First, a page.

In an interesting turn of events…I’m training for a road marathon.
Well, technically I’m training OTHERS for a road marathon. The 2017 Myrtle Beach Marathon to be exact. But the result of doing so is that I too am inadvertently training for the same road marathon, as I run side by side with my team as they log their miles. Yes, I’ve spent the last few years lamenting my distaste for running on roads, and gushing about my love for the trails, but here I am, putting in 30 to 40 miles a week, every week, on the pavement.
I hope you find this as entertaining as I do.
The truth is I’ve realized that pounding the pavement isn’t so horrible when you share that time with others. My knees aren’t quite as happy as they are on trails, and my senses somewhat muted by the dull monotony of long, flat, straight roads surrounded by cookie cutter neighborhoods. But my heart is full spending all of this time with friends and teammates. Cracking jokes, sharing training advice, and having heart to hearts over real-life types of issues. And for that, I’ll gladly leave the trails behind for the most part…temporarily.
Don’t get too crazy, now.
The other day while in the middle of our weekly long run, a couple of friends/training team members and I were discussing their goals for the race. One woman sheepishly said that she no longer cares about her finishing times. She just wants to race for the experience. I assured her that this was a perfectly good and acceptable goal. And I shared that my goal in every race was simply to do something better, or different, than last time. “Better” not necessarily meaning a PR, but just a more enjoyable experience.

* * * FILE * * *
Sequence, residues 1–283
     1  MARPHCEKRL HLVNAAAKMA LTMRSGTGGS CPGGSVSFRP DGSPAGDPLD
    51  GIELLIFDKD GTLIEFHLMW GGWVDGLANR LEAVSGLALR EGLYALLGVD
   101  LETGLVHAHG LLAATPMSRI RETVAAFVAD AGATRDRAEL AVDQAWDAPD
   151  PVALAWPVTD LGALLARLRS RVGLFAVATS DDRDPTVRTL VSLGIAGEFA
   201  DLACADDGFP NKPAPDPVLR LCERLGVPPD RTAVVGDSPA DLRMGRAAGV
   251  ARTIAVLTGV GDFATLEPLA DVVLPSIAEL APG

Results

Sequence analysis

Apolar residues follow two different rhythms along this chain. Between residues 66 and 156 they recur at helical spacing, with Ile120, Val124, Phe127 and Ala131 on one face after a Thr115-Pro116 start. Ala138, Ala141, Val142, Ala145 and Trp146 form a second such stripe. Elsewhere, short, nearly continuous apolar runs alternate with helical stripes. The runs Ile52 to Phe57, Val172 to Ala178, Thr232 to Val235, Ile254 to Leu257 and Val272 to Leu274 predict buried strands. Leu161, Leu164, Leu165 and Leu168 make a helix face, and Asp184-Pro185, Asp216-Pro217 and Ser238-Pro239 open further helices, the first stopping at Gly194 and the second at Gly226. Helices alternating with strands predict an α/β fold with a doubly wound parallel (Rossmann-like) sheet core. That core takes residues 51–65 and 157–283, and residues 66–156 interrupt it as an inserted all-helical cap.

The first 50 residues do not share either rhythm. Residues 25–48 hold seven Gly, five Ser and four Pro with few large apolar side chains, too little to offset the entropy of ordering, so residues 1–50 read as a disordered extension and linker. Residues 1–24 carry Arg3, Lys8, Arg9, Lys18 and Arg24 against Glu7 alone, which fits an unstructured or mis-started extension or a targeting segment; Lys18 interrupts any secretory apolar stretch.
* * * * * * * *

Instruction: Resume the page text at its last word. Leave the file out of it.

It was then that it hit me: this very well might be the FIRST time I’ve trained properly for a marathon from start to finish.
Now don’t get me wrong, I’ve logged some serious miles and put forth a ton of dedication to the last few ultras I ran. But road marathons? Well, those of you who have followed along with this blog for the past nearly 8 years (!!!) know my history with training for the 26.2 distance is less than stellar. I know how to put together a safe and sound training plan for others, but for a long time, I didn’t know how to follow one myself. And now that I’m acting as the iron fist enforcing the training schedule among my team (I think they’ve finally learned to stop asking permission to do things on rest day), I too am finally “doing what I’m told”. As a result, 8 weeks into our 18 week training plan, I feel fantastic. Who would have thought?
And so, even though I’m not training to PR this race, my “goal” is to continue doing what I’m told, and therefore hopefully, have a successful, injury free, (road) marathon this March. It pays to listen to your coach 😉
Oh wait, except I just remembered I have a 24 hour trail race exactly one month before aforementioned marathon. Some habits die hard…sorry coach.